How High Should You Cut Kentucky Bluegrass?
Kentucky bluegrass is a robust grass that has dark green leaves and a penchant for spreading quickly. It’s kind of the “jack-of-all-trades” of the cool-season grasses, with decent drought tolerance, foot-traffic tolerance, and shade tolerance. It also has solid tolerance to the cold. It won’t fare too well in high temperatures, which is why you likely won’t find it in the southern states.
During the high-growth seasons, you’ll want to keep Kentucky Bluegrass mowed to 2 to 2-1/2 inches high. During the hot parts of the Summer, and in periods of lower rainfall, increase your mowing height to 3 to 4 inches.
What is the Ideal Height to Cut Perennial Ryegrass?
Perennial Ryegrass is a non-spreading, fine-bladed, cool-season grass that germinates quickly after seeding. As a matter of fact, because of its speedy growth, it’s great for erosion control and it stands up to foot traffic well.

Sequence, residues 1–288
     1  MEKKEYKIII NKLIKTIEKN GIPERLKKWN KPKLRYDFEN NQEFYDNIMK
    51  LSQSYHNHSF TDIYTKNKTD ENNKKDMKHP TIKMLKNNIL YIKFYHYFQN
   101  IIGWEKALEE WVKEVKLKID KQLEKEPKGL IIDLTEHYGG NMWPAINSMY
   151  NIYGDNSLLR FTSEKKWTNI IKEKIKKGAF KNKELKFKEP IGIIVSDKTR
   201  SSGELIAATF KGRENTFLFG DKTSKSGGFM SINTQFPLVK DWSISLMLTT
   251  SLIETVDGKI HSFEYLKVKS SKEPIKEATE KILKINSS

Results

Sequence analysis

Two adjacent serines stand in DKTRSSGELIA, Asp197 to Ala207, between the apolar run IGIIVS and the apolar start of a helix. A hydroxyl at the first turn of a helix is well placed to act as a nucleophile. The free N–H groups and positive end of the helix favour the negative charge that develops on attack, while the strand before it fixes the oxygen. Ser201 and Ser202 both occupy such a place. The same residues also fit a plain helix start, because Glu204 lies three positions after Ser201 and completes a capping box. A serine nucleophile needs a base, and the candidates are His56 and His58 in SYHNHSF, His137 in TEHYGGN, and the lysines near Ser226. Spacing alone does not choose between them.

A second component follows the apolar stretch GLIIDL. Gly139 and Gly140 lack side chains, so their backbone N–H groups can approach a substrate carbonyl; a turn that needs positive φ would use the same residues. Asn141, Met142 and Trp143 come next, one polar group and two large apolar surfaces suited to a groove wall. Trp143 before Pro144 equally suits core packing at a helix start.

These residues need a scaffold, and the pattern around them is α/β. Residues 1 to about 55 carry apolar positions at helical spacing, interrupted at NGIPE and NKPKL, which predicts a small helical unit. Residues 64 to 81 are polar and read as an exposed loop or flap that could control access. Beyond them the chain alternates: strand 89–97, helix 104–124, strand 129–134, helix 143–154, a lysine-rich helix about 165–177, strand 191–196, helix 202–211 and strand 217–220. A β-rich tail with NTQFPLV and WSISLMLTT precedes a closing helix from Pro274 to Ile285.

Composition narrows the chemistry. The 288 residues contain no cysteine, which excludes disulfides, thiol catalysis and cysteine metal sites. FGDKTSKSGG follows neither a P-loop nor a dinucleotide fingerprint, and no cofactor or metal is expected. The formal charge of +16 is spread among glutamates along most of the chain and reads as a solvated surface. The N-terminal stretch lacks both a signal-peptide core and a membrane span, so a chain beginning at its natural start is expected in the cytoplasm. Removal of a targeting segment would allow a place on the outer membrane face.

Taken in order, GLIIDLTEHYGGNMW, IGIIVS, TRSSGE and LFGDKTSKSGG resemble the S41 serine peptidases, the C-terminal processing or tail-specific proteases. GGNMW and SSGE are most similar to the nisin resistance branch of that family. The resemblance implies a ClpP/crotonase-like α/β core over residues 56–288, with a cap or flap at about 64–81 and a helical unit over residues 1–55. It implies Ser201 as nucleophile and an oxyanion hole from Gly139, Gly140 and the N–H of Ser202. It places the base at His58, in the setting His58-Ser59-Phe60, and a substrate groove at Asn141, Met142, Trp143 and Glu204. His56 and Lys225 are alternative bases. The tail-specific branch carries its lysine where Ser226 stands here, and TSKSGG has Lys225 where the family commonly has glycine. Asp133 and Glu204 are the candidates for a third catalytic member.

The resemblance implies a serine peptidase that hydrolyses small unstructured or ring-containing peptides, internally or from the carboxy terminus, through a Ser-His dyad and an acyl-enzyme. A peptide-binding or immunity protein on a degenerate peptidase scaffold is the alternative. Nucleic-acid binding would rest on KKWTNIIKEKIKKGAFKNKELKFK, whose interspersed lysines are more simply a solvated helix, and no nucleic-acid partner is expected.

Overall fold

However, it is a bit more susceptible to drought, shade, and heat than the girthier Kentucky Bluegrass.
During the growing season, you’ll want to keep perennial ryegrass cut to between 2 and 2-1/2 inches high. However, because ryegrass enters dormancy in the hot weather, you’ll want to keep it mowed to 2-1/2 inches to 3 inches during the Summer. The longer length will help cast shadows on the grass at the soil level, keeping it cooler and holding in more moisture. Also, because longer stems equal longer roots, keeping your ryegrass longer in the Summer will let the grass reach deeper for nutrients.
Best Cutting Height When Mowing Fescue
Fescue comes in many different varieties. Fine fescues are popular in seed mixes because they grow quickly and have a deep gray-green color. They have a fine leaf texture that stands up really well to drought, shade, and cold weather. They don’t tend to do very well in the heat, however.